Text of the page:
Going back more than a century, there has been a strain of black nationalist thought that argues overtly racist whites make better allies than white liberals or integrationists. The reasoning is partly that white racists are more honest, but also that there is a political overlap between white racists and black nationalists in trying to maintain the separation of the races.

In 1922, Marcus Garvey, a seminal figure in black nationalism and founder of the Universal Negro Improvement Association and African Communities League, met in Atlanta with Edward Young Clarke, the imperial wizard of the Knights of the Ku Klux Klan. The purpose of this summit was to try and find common ground on issues like preventing miscegenation. But Garvey’s meeting with the Klan provided ample ammunition for his critics in other black organizations, notably the NAACP, which used the meeting to discredit Garvey.

Garvey’s meeting with Clarke had a sequel decades later. In 1961, Elijah Muhammad, leader of the Nation of Islam, sent one of his main followers, Malcolm X, to Atlanta to secretly meet with the KKK and arrange a truce, with the NOI supporting racial segregation in exchange for the Klan promising not to harm mosques.

Later that same year, the Nation of Islam invited George Lincoln Rockwell, head of the tiny American Nazi Party, to address a Black Muslim rally in Washington, D.C., where Malcolm X was the main speaker. The crowd of 8,000 was far larger than anything Rockwell was used to. When he spoke at another Nation of Islam rally in Chicago in 1962, Rockwell tried to explain the overlap between his white supremacy and black nationalism.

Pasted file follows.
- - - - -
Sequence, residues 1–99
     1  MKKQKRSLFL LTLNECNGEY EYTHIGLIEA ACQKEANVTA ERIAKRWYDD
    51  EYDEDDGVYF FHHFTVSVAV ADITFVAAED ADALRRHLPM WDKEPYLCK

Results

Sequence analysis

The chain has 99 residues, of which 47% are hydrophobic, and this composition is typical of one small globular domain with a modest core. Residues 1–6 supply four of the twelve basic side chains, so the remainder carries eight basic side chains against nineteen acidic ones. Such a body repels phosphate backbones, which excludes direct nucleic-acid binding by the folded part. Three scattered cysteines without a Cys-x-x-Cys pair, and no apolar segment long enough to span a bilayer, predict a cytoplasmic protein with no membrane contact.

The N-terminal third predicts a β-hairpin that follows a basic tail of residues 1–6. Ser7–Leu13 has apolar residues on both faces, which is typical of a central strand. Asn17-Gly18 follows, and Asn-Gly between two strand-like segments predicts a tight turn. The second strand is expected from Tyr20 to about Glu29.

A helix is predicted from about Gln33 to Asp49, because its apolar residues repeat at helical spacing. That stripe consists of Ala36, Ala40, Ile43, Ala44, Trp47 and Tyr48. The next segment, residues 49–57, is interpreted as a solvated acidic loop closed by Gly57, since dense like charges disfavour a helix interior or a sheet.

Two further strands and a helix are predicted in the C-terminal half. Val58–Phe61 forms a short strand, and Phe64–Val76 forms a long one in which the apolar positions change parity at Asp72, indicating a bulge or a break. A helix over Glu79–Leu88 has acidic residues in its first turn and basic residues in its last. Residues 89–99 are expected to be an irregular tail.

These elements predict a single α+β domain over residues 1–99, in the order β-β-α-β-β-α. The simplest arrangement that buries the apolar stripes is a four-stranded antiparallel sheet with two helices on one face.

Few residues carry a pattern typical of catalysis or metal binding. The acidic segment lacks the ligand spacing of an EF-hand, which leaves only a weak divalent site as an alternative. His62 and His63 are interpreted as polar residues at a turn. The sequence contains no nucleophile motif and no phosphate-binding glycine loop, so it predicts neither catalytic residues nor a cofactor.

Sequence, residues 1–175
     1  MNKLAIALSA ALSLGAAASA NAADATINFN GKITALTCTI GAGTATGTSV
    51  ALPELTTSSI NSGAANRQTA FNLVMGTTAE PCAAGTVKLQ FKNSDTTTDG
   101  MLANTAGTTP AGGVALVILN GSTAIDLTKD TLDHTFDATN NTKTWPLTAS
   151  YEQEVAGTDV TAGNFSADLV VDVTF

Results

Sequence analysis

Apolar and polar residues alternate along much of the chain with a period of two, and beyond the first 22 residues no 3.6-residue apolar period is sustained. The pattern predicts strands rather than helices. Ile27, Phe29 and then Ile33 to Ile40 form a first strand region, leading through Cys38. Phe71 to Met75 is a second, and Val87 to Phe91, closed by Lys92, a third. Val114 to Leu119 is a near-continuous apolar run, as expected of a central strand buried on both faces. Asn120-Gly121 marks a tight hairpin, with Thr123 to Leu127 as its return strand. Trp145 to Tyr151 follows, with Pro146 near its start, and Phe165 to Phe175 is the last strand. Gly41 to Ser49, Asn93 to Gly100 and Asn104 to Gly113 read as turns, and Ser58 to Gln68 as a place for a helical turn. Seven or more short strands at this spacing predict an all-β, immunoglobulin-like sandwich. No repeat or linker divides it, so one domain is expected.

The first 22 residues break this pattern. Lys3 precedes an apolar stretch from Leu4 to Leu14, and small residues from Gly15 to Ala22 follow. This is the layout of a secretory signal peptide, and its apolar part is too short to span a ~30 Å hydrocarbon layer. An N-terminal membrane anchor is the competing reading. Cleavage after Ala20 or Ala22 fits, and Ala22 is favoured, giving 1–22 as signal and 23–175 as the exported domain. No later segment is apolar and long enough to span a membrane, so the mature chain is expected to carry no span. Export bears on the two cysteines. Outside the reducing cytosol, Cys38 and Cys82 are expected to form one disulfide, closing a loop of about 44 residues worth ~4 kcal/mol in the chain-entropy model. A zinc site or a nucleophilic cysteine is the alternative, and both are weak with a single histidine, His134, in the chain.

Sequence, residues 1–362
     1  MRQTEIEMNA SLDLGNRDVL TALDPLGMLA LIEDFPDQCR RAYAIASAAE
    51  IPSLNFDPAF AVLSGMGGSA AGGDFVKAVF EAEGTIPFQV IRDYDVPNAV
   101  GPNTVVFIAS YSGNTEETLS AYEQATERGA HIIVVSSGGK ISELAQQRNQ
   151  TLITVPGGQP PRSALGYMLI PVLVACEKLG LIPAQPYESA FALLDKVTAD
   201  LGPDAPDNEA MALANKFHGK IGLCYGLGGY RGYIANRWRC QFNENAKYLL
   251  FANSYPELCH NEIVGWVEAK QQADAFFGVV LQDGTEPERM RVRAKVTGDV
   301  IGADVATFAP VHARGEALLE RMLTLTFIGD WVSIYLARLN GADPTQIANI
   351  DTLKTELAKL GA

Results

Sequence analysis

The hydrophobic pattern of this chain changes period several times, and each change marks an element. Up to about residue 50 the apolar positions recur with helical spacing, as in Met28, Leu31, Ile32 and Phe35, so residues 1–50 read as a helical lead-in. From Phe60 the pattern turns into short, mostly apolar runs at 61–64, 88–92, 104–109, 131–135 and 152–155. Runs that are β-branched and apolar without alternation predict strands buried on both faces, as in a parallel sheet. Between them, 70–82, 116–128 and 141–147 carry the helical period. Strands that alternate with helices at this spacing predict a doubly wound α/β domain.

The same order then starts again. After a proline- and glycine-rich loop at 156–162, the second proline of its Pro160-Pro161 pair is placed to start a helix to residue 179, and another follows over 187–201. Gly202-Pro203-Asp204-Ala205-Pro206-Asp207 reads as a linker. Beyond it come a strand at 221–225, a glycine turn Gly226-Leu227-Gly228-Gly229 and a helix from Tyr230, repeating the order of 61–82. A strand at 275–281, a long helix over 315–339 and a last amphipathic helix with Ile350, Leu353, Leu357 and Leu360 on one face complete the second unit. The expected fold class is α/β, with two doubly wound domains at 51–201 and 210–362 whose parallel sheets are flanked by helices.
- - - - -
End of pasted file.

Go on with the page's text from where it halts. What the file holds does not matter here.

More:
“I am not afraid to stand here and tell you I hate race-mixing and will fight it to the death,” Rockwell said. “But at the same time, I will do everything in my power to help the Honorable Elijah Muhammad carry out his inspired plan for land of your own in Africa. Elijah Muhammad is right. Separation or death!” While Elijah Muhammed might have liked what Rockwell was saying, the crowd of more than 12,000 was hostile, and often booed. Muhammed didn’t succeed in convincing his own followers to like Rockwell, just as Farrakhan will surely fail to win many black followers for Trump.

When Malcolm X broke with the Nation of Islam, he cited the alliance with the Klan as one of the reasons he could no longer accept the leadership of Elijah Muhammed. A week before his assassination, Malcolm X told the press, “I know for a fact that that there is a conspiracy between...the Muslims and the Lincoln Rockwell Nazis and also the Ku Klux Klan.” What Malcolm X came to realize was that the idea of blacks finding any security in alliances with white racists was an illusion. That illusion has a long history, and Farrakhan shows it is still alive. But the heroic, truth-telling Trump who Farrakhan imagines is a creation of his imagination, a wraith, no more real than the hopes that Farrakhan’s predecessors put in Klansmen and Nazis. Fortunately, the vast majority of black Americans know that.